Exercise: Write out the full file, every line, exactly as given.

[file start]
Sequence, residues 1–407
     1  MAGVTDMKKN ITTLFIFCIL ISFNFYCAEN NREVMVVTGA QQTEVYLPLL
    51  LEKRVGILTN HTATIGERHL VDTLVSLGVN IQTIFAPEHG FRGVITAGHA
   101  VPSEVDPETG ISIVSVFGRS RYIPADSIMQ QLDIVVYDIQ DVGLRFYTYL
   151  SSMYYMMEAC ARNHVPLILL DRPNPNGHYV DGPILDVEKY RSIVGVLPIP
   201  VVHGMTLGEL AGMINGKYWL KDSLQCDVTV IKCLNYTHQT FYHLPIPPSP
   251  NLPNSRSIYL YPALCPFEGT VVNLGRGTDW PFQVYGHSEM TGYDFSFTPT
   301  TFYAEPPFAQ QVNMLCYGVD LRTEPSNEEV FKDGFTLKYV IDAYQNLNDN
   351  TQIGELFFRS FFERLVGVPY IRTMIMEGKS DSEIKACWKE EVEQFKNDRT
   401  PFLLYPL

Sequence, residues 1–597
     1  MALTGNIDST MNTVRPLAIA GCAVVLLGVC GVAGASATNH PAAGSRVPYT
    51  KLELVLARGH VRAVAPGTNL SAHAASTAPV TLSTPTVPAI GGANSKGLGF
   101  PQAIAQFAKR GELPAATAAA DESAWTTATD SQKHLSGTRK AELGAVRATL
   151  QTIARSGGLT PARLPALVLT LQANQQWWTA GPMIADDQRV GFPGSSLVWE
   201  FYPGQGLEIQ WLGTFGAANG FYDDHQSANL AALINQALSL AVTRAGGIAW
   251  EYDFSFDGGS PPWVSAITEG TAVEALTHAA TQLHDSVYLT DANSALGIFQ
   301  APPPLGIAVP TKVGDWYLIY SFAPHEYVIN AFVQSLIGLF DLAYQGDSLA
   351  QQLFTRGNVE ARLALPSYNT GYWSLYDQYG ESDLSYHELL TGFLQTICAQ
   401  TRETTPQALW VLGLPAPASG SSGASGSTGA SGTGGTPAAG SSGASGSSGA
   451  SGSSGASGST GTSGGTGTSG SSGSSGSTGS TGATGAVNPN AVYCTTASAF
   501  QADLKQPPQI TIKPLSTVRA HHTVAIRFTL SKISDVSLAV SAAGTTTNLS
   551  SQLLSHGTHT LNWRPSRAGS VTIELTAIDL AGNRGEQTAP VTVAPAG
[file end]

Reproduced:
Sequence, residues 1–407
     1  MAGVTDMKKN ITTLFIFCIL ISFNFYCAEN NREVMVVTGA QQTEVYLPLL
    51  LEKRVGILTN HTATIGERHL VDTLVSLGVN IQTIFAPEHG FRGVITAGHA
   101  VPSEVDPETG ISIVSVFGRS RYIPADSIMQ QLDIVVYDIQ DVGLRFYTYL
   151  SSMYYMMEAC ARNHVPLILL DRPNPNGHYV DGPILDVEKY RSIVGVLPIP
   201  VVHGMTLGEL AGMINGKYWL KDSLQCDVTV IKCLNYTHQT FYHLPIPPSP
   251  NLPNSRSIYL YPALCPFEGT VVNLGRGTDW PFQVYGHSEM TGYDFSFTPT
   301  TFYAEPPFAQ QVNMLCYGVD LRTEPSNEEV FKDGFTLKYV IDAYQNLNDN
   351  TQIGELFFRS FFERLVGVPY IRTMIMEGKS DSEIKACWKE EVEQFKNDRT
   401  PFLLYPL

Sequence, residues 1–597
     1  MALTGNIDST MNTVRPLAIA GCAVVLLGVC GVAGASATNH PAAGSRVPYT
    51  KLELVLARGH VRAVAPGTNL SAHAASTAPV TLSTPTVPAI GGANSKGLGF
   101  PQAIAQFAKR GELPAATAAA DESAWTTATD SQKHLSGTRK AELGAVRATL
   151  QTIARSGGLT PARLPALVLT LQANQQWWTA GPMIADDQRV GFPGSSLVWE
   201  FYPGQGLEIQ WLGTFGAANG FYDDHQSANL AALINQALSL AVTRAGGIAW
   251  EYDFSFDGGS PPWVSAITEG TAVEALTHAA TQLHDSVYLT DANSALGIFQ
   301  APPPLGIAVP TKVGDWYLIY SFAPHEYVIN AFVQSLIGLF DLAYQGDSLA
   351  QQLFTRGNVE ARLALPSYNT GYWSLYDQYG ESDLSYHELL TGFLQTICAQ
   401  TRETTPQALW VLGLPAPASG SSGASGSTGA SGTGGTPAAG SSGASGSSGA
   451  SGSSGASGST GTSGGTGTSG SSGSSGSTGS TGATGAVNPN AVYCTTASAF
   501  QADLKQPPQI TIKPLSTVRA HHTVAIRFTL SKISDVSLAV SAAGTTTNLS
   551  SQLLSHGTHT LNWRPSRAGS VTIELTAIDL AGNRGEQTAP VTVAPAG